Our industry can only function with the careful balancing of the needs of both investors and occupiers, but one issue clearly separates them: market transparency. Jones Lang LaSalle’s unique Global Real Estate Transparency Index was recently updated, bringing this investor-occupier gap into the post-global financial crisis world. It proved that market data quality and availability continues to improve (kudos to us property researchers!) albeit slightly compromised by the real estate downturn of the last two years.
So where does this leave the two key constituents of the property industry?
Investors are retrenching from the world’s opaque markets as preference (and often demand) leans towards less risky investments. While recognising that there will always be different types of investors, the majority of active market players are said to be considering only the so called “core” markets. Higher yielding opportunities, however, lie in the less transparent risky markets but this has not proven attractive to those concerned about unstable income growth. Opaque markets are not good enough to be considered given their position on the risk curve. Nowadays, successful investment is rather about finding the right opportunity in the most transparent markets.
On the contrary occupiers are actively prioritising these same opaque markets as they represent untapped consumer markets and associated revenue opportunities. Their greatest risk is of NOT doing something in these markets. As the shackles on capital expenditure give way to medium term strategic planning in corporate boardrooms, opaque emerging markets are front and centre. Occupiers understand the challenges this presents but financial well-being dictates a need to overcome them. As a result, occupiers are entering markets that do not provide high quality office product owned and managed by institutional investors. The options open to them therefore are replete with risk. They will operate from low quality office space or even residential villas or hotels that are owned by private and relatively unsophisticated landlords prone to make and enforce decisions that can raise the occupational risk profile. But the rewards outweigh the risks. In adapting to and mitigating these risks, cash rich occupiers have often sought to develop and own their own buildings, thereby using property as both a factor of production and an investment product to be traded to institutional investors down the line.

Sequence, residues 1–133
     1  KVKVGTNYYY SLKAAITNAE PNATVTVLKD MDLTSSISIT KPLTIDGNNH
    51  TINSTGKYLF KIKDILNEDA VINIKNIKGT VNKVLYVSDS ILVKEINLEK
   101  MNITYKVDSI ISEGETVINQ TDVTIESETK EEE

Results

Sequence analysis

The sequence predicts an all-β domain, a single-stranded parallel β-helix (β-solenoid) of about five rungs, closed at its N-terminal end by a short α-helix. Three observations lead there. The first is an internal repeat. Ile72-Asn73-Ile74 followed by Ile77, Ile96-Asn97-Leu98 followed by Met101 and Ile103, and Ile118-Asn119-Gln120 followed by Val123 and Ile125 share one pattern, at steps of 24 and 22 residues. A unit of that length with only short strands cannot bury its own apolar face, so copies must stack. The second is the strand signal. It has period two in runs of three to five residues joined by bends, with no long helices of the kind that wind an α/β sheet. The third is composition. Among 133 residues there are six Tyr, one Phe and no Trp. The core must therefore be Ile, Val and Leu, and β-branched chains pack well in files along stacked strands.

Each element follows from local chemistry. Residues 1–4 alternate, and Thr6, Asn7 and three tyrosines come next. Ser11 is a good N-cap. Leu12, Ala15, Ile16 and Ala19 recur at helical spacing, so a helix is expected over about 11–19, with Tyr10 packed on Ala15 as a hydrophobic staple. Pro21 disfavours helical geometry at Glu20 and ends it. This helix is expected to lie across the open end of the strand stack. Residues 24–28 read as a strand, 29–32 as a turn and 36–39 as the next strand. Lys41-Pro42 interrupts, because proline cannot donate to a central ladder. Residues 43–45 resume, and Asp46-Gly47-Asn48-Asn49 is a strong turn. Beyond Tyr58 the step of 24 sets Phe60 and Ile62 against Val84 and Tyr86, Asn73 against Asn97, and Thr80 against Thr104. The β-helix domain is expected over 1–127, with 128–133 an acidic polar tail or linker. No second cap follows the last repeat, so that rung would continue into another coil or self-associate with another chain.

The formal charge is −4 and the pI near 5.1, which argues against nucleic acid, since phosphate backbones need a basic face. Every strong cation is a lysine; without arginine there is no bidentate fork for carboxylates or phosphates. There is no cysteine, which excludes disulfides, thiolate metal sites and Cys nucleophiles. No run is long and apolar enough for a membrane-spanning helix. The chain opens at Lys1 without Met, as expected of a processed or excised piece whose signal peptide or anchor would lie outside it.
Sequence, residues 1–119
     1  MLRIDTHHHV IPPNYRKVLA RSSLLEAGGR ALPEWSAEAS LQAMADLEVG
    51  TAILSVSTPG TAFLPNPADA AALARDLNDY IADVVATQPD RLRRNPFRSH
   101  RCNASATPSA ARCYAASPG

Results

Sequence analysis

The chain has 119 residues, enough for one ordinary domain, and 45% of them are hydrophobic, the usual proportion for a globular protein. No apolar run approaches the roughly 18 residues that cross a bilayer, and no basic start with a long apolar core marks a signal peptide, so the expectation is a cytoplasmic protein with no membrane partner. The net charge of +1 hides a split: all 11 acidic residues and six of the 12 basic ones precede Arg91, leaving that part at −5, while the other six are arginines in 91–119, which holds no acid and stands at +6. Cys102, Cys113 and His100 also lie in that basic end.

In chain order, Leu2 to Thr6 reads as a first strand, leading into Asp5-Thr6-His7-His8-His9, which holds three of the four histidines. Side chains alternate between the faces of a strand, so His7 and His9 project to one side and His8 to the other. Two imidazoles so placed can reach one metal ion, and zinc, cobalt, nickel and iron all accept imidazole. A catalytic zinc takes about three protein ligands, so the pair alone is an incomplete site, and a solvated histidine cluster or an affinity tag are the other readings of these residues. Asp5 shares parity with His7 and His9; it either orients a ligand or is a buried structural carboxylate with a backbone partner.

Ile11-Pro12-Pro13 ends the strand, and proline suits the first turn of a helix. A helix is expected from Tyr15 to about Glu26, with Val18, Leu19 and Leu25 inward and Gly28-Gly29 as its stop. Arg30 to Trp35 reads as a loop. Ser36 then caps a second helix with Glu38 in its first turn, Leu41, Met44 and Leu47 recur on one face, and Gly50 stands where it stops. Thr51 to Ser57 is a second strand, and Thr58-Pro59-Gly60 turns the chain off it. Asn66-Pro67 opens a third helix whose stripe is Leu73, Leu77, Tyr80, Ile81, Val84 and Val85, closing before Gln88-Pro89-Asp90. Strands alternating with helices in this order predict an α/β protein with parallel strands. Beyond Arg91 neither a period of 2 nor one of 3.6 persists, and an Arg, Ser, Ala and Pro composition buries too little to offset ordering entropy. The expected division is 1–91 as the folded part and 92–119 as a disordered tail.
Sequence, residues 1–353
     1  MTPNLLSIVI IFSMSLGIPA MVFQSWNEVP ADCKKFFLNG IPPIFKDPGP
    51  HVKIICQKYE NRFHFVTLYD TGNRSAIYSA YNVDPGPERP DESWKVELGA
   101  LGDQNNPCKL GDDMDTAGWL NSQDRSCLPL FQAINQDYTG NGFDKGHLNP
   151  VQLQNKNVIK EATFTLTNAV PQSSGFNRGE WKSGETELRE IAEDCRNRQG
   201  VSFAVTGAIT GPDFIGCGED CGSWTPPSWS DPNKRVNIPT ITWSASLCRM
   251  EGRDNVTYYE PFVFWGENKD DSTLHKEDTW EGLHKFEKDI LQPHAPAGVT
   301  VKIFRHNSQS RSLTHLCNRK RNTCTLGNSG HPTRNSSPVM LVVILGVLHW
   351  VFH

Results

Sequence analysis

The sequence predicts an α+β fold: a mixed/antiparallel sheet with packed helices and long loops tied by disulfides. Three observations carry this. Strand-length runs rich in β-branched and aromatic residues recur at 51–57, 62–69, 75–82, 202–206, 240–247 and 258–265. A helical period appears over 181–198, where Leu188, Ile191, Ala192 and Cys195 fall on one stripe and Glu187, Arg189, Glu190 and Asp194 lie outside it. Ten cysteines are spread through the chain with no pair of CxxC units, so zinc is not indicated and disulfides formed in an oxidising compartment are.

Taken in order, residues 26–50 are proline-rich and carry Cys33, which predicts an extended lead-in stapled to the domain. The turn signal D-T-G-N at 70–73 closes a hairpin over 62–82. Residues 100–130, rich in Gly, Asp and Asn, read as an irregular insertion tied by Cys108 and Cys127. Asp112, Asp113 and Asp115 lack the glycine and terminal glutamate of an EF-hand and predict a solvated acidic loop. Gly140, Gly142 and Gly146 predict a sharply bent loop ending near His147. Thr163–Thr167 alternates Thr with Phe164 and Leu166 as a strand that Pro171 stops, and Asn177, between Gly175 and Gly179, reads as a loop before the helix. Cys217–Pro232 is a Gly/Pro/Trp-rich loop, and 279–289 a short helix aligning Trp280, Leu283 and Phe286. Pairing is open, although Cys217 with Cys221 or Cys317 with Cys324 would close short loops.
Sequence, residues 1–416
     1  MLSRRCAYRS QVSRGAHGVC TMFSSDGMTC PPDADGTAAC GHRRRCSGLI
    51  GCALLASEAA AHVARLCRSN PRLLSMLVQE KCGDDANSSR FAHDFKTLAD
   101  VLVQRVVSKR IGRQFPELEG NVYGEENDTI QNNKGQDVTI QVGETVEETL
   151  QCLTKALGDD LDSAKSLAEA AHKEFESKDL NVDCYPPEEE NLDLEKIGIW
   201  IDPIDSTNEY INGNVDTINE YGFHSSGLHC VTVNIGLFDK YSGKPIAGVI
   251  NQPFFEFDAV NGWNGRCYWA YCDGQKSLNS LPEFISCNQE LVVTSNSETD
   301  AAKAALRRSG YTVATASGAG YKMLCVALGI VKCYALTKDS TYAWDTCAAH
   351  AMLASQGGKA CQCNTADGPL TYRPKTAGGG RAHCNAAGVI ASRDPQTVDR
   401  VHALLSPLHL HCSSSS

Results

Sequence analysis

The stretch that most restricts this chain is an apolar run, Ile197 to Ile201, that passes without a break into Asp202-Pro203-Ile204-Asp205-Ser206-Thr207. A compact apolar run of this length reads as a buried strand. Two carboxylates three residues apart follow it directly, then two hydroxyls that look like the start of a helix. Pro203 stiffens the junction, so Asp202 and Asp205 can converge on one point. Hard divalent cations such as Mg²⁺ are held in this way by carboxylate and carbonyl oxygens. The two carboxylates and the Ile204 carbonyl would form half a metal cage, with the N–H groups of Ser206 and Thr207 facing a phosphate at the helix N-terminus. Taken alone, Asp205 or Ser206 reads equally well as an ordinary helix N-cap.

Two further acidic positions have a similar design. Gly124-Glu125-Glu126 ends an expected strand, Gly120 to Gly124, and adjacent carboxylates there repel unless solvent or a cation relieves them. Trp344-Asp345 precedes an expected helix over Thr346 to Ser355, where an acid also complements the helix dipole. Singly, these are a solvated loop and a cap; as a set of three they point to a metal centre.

And herein lies the issue: we worry that with a more cautious investor community, occupiers who choose a development route might have limited exit opportunities going forward.